There is an official “wall trail” consisting of plaques at the ends of segments. These signs provide short but detailed explanations of the historical significance of each part. You can also read more in detail about the walls on the highly informative website for the Friends of the York Walls.

700 years ago, the walls used to entirely surround the city, but today there a few gaps. Most sections are still intact, with the tops restored so that visitors can walk the length of it. Get into the spirit and pretend to dodge enemy fire!

Walking along York's medieval walls, one of the free things to do in York
Medieval Walls and gate
The large gates are impressive and transporting. 

There’s even a cafe in the gatehouse (appropriately named Gatehouse Cafe). Just in case it’s chilly and you need to warm up with a cuppa!

Gatehouse Cafe

The York city walls open at 8 am and close at dusk, which of course varies throughout the year. The walls are closed on Christmas Day and during dangerous weather, such as icy or excessively stormy weather. Except service animals, dogs are not allowed along the walls.

4. Explore The Shambles

England’s most medieval street may well be The Shambles! Here you can still see buildings from the 14th century leaning tiredly on their original foundations.  

The Shambles is an old term for an open-air slaughterhouse and meat market. There used to be dozens of butcher stalls lining the street – thankfully none of that remains to this day. Head to the nearby Shambles Market for some old photos of what the area used to look like.

The Shambles, one of the free attractions in York

Today’s shoppes hardly have the original slingers, but some are older than others, so poke around.

The Shambles street
The Shambles

5. Discover York’s Markets

The Shambles also has a great outdoor market. You can find some decent deals on produce, which was quite a surprise. You can also of course just walk around for free, which is a great way to experience local life.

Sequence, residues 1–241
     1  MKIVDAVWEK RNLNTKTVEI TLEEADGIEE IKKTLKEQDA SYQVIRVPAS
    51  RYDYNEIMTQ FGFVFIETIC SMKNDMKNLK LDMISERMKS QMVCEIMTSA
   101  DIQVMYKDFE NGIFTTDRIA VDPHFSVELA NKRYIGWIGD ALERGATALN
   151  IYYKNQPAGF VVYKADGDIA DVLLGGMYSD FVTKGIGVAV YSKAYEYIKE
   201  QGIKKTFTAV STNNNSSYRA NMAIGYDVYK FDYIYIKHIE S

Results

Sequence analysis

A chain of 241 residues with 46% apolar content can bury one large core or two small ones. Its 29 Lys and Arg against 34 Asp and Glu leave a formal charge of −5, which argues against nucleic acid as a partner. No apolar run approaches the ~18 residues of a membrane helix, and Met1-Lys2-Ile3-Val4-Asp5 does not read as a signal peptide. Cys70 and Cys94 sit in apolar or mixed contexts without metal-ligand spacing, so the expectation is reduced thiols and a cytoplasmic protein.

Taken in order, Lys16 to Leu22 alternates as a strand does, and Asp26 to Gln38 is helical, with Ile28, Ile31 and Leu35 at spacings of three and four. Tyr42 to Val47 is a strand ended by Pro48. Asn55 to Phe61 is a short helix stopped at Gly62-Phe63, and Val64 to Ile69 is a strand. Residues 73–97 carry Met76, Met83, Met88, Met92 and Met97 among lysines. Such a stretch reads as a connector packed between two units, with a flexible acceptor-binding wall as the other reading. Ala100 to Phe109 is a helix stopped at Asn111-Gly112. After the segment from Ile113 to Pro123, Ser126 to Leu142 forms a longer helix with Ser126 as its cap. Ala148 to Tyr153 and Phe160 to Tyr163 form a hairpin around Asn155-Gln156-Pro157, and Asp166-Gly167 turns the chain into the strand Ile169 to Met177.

York's produce market

6. Get Lost in The Snickelways

The Shambles are part of the network of Snickelways – the medieval alleys of the center of York. No visit to York is complete without wandering down them in search of a hidden alleyway or unique shop!

There are too many snickelways to get into them all here. This blog post is a great guide to the best snickelways in York. For now, here are a glimpse of a few:

The Snickleways - alleys in York
The Snickleways
The Snickelways in York

7. Stroll Along the River Ouse

The river Ouse (pronounced like ‘Ooze’) cuts right through the town. During different times of the year, the river swells and floods the city. There have been many instances of flooding damaging the city over the years. It’s such an issue that there’s even a Twitter account that tweets the latest river level!

River Ouse in York
River Ouse

If you feel like a long walk, head to Rowantree Park just outside of the city center.

And while you can stroll along the riverbanks for free, a paid yet budget-friendly option is taking a river cruise. There are cruises for every time of day, including evening:

8. Museum Gardens, The Ruins of St. Mary’s Abbey + More

The Museum Gardens are a treasure trove of things to do in York for free. We spent a lovely afternoon here and we still didn’t see everything!

St. Mary’s Abbey originated in the 1000s and used to be the richest abbey in northern England. Walking the quiet grounds, you can almost imagine the monks walking what would have been the halls and corridors.

Ruins of St. Mary's Abbey

Yet even though the church of England was incredibly powerful, the large ruins are a testament to the fact that nothing lasts forever.